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Posts Tagged ‘Sacha Dhawan’

Alan Bennett’s last play, People, at the NT six years ago, was about the heritage ‘industry’. It tried to cover so many issues that it lost focus and proved a bit of a disappointment. He covers a lot of ground here too, but it’s more cohesive, a homage to the NHS with a swipe at the decline in our sense of social responsibility for good measure.

We’re in a Yorkshire general hospital, led by trust chairman and former Mayor Slater, that’s facing closure. They’re campaigning against it, and in the geriatric ward they’ve set up a choir as part of the campaign. There’s an omnipresent film documentary team, which Slater hopes will aid their campaign. Dr Valentine (anglicisation of his real name) is a caring doctor with a gentle bedside manner and genuine affection for his geriatric patients, but he’s facing deportation. Sister Gilcrest is old school, obsessed with continence and cleanliness. Nurse Pinkney is more focused on contentment and happiness. The real interest of Salter is his own career. Amongst the visitors, patient Mrs Maudsley’s family are predatory fortune hunters and coal-miner Joe’s son Colin is up from London, exorcising his fraught relationship with his dad; he’s a Management Consultant advising the Health Minister, an architect of closure plans. Just before the interval it takes a sinister turn.

Bennett’s acute observation of people shines again with finely drawn characterisations, delicious turns of phrase and a very clever unfolding narrative. I couldn’t stop smiling at the new ward names, changed at the suggestion of the minister. The twelve geriatric patients each have lovely back stories, which they share with us between songs. Our attitudes to the old, patient abuse, bed blocking and the obsession with targets, specialisation, outsourcing and privatisation are all covered. Of course, its very funny, but its also poignant and bang on target much of the time. Valentine’s final words direct to the audience pierced my heart.

The twelve patients are a delight, veteran thespians relishing such great writing. Deborah Findlay is brilliant as the cold but seemingly loyal, hard-working ward sister who becomes positively chilling. Sacha Dhawan has genuine warmth and empathy as Valentine. Samuel Barnett’s character Colin is rather unsympathetic, but he spars with Jeff Rawle’s brittle dad and both do eventually melt. There’s a lovely cameo from David Moorst as work experience affable Andy, who also turns unexpectedly. Peter Forbes makes a great job of the pompous self regarding Salter. Director Nicholas Hytner and designer Bob Crowley have worked with Bennett a lot, and they continue to serve his plays well.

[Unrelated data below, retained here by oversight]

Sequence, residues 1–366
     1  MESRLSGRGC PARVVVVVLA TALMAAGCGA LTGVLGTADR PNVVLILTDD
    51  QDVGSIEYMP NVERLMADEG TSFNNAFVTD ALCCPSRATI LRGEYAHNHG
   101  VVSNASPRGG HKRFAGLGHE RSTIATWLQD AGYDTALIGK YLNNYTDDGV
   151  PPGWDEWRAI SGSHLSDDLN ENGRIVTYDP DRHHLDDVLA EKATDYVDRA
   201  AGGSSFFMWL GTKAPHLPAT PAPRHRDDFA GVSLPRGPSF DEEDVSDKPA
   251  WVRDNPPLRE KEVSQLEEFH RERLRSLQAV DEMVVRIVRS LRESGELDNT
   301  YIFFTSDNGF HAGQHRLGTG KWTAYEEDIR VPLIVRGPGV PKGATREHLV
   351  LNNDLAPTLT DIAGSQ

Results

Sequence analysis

I think the play divides people in many ways, with older audience members, NHS advocates and lefties the most positive. I loved it!

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To those of you not in the know (including me) it stands for Not Safe For Work – ‘online material which the viewer may not want to be seen accessing in a public or formal setting – such as at work’ but the play isn’t about that, so I’m not sure why that’s its title!

In the first scene we’re in the office of  lads mag Doghouse where everything is as you would expect – tackiness & tits, people being bullied and / or patronised. They’ve just published the best nude female ‘reader’ picture selected from 900 competition entries and they’re rather pleased with them selves – until it starts to unravel (the detail of which would be an epic spoiler). In the second scene, the issues are explored in a ‘negotiation’  between the editor and an aggrieved party in the presence of assistant Charlotte, who feelings are clearly at odds with her participation.

In the third scene we move to another magazine altogether – up-market ladies mag Electra – where the editor is interviewing Sam, an ex-employee of Doghouse. Electra is just as patronising but the bullying becomes more subtle power games. Editor Miranda describes her publication’s mission and values to Sam and lays out what will be expected of him should she decide to appoint him; not all of which is easy for Sam (or us) to stomach.

This behind-the-scenes glimpse at publishing, well this type of publishing, enables playwright Lucy Kirkwood to explore a number of interesting issues and she does so in entertaining fashion – and it’s a lot more topical than she probably thought it was when she wrote it!

The first scene is somewhat slight and clunky and the actors didn’t seem entirely comfortable at the performance I attended, but the second and third are a huge improvement – the second due to the power of the discussion / negotiation and the exceptional performance of Kevin Doyle as indignant Mr Bradshaw and the third due to cleverly written power play and a simply brilliant pairing of Janine Dee as the editor and Sacha Dhawan as the hapless but deeply sympathetic Sam.

This isn’t up there with some of the recent main house hits like Jerusalem, Posh and The Heretic, but it’s an entertaining and thought-provoking 90 minutes.

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